David Daoud holds a juris doctorate in international law and, aided by his native fluency in Arabic, has worked in Lebanon and Egypt.
Articles & Testimony
Lebanon is in grave danger of becoming the next ISIS victim, and recent clashes in Arsal were just a taste of things to come.
The advance of the Islamic State of Syria and al-Sham (ISIS), currently known as the Islamic State, has focused the international spotlight on Syria and Iraq, as ISIS has taken control over huge swaths of the two countries. Although Lebanon has managed to stay off the international radar, instability and sectarianism leave the country equally vulnerable to this growing threat in the region.
The lack of national unity has been disastrous for Lebanon. The country has yet to overcome the damaging consequences of its bloody civil war (1975-1990), during which regional actors capitalized on Lebanon's sectarian divides for their own political interests. For example, the Syrian army entered Lebanon under the initial pretext of aiding the Christian Maronites, and Iran took advantage of the disenfranchisement of Shiites and the Israeli occupation to create the Shiite militia Hezbollah. ISIS is very likely to exploit the Lebanese state's failure to resolve the deep sectarian divides just like it did in Iraq and Syria.
Sunni grievances have been growing in Lebanon mainly due to Hezbollah's involvement in the Syrian civil war and the government's double-standard policies. For example, some Sunnis have voiced their objections over the "arbitrary arrests" of Sunnis in Lebanon's northern city of Tripoli. MP Muhammad Kabbara, who is affiliated with the Future Movement, went as far as to say that "the continuous security oppression of the Sunni sect will lead to unexpected reactions."
Lebanon also has two massive refugee populations, the Syrians and Palestinians, both predominantly Sunni. The Palestinians have suffered from abuse and disenfranchisement under the Lebanese political system, and as a result they have become increasingly susceptible to Islamist doctrine. The clashes in 2007 between the Lebanese Armed Forces (LAF) and the al-Qaeda affiliate Fatah al-Islam in the Palestinian refugee camp of Nahr al-Bared gives an indication of the Islamist movements' ability to take hold in the camps. Moreover, the Palestinians are exhibiting a greater hostility toward Hezbollah as it fights alongside the Syrian regime. My own conversations with some young Palestinians, who are routinely harassed by Hezbollah, revealed a growing sense of hatred toward the Shiite party and, more generally, resentment toward Lebanese Shiites. It would be naive to think that ISIS has not taken note of these attitudes, and it will surely exploit them to its advantage. This may already be underway.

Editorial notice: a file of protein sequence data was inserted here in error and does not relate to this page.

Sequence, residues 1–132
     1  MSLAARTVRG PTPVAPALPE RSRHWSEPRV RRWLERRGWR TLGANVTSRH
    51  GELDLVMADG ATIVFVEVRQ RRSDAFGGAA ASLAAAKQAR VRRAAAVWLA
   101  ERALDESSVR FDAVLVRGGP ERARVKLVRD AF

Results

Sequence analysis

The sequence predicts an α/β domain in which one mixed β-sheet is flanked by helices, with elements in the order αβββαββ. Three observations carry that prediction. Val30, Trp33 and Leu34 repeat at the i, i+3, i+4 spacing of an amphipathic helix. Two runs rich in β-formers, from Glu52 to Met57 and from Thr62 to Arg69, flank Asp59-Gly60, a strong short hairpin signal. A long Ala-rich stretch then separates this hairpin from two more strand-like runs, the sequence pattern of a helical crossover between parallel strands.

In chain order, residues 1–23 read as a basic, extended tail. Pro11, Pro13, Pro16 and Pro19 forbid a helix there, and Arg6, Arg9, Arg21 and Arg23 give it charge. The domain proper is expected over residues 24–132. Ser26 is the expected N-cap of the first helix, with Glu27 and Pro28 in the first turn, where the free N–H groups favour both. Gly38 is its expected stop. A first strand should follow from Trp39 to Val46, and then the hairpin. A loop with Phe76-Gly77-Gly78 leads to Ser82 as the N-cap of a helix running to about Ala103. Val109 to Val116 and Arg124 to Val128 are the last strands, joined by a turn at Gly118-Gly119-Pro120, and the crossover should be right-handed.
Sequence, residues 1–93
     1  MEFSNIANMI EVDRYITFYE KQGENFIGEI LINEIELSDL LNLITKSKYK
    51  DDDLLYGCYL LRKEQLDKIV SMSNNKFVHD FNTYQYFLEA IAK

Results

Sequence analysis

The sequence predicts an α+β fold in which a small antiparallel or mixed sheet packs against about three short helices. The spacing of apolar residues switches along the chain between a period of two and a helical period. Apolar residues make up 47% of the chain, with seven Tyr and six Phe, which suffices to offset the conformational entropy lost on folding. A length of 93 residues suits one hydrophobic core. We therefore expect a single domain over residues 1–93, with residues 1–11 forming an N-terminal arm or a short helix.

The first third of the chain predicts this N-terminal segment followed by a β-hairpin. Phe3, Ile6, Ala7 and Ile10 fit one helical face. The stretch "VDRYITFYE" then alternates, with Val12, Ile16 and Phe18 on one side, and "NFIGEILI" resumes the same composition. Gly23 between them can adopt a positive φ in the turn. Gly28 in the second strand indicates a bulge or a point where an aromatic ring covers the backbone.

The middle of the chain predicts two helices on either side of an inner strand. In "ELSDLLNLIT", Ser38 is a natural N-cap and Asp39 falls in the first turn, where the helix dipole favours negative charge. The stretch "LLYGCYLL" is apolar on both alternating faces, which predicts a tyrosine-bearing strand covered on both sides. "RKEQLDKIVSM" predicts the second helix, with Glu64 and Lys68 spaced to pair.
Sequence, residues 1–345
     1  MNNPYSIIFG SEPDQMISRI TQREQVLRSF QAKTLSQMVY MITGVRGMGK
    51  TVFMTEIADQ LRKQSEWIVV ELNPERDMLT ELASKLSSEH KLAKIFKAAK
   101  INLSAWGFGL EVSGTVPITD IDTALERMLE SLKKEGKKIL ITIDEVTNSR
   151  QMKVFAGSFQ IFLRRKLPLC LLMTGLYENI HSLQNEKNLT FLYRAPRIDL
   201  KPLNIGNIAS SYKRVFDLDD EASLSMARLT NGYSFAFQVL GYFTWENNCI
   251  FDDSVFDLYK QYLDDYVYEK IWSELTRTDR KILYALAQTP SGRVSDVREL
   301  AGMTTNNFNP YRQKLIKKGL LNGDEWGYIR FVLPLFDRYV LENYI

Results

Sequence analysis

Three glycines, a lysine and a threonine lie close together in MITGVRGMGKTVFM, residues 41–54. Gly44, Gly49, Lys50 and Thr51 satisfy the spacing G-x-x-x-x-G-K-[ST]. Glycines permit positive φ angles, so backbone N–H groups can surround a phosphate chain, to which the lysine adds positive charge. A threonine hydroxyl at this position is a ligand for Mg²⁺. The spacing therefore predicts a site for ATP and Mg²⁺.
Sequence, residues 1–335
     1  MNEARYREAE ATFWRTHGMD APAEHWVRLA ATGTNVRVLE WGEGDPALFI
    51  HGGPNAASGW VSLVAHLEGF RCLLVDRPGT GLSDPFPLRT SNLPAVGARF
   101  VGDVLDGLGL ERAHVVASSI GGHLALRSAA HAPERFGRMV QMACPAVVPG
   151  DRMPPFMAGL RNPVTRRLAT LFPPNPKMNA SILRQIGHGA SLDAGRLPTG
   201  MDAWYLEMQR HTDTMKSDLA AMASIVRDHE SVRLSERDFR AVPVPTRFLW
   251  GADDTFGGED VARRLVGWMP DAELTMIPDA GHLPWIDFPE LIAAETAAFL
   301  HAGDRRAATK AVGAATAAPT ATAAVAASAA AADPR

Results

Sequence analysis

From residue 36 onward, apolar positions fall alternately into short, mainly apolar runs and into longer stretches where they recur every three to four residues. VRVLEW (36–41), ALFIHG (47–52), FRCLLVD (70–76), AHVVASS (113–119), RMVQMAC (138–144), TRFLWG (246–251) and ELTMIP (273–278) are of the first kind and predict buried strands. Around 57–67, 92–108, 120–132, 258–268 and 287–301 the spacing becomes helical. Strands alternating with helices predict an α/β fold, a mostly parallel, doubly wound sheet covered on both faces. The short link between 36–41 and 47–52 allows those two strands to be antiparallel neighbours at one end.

Furthermore, there are more than one million Syrian refugees currently living in Lebanon. The Lebanese government has neglected -- or is incapable of providing -- their basic needs. They, too, provide a strong recruitment base for ISIS, and some reports have indicated that the radical group chose in early August to attack Arsal, a Sunni-populated town along the Lebanon-Syria border, because it shelters many refugees. Though Hezbollah has pledged support to the LAF, helping to push back militants affiliated with ISIS and al-Nusra Front in the border town, this might aggravate sectarian tension that will play into the hands of Sunni militants. The commander of the LAF, Gen. Jean Kahwaji, said that had the army lost Arsal, Shiite-Sunni tension would have flared and ISIS would have continued to the coast and declared its state.
The alarming clashes in Arsal will surely not be ISIS's last attempt to enter Lebanon. If its next move is successful, ISIS will likely reach a military stalemate with Hezbollah along the existing confessional borders -- as seen in Iraq and Syria -- and, in the process, it will take over certain Sunni enclaves. Consequently, Lebanon will fracture along sectarian lines, with each sect falling back into its traditional areas to resist the onslaught. This would likely be the unfortunate end of Lebanon as a state.
It is unlikely that Lebanon's Sunnis and their leaders will submit to ISIS out of true ideological conviction, but practical needs might overshadow ideology. Shortages in supplies and ammunition have pushed many Syrian rebels to switch allegiances, and others have said that their desperation on the battlefield might force them to join ISIS. Driven by despair and sectarian violence, some of Lebanon's Sunnis might soon succumb to a similar trend. If Lebanon continues to disenfranchise Sunnis, ISIS will repeat Hezbollah's approach to the Lebanese Shiites. It will take advantage of the absence of the Lebanese state and provide armed protection and a wide array of social services to some Sunnis in exchange for their obedience. In short, Lebanon is in grave danger of becoming the next victim of ISIS, and the clashes in Arsal were just a taste of things to come.
David Daoud holds a juris doctorate in international law and, aided by his native fluency in Arabic, has worked in Lebanon and Egypt. This article was originally published on Fikra Forum.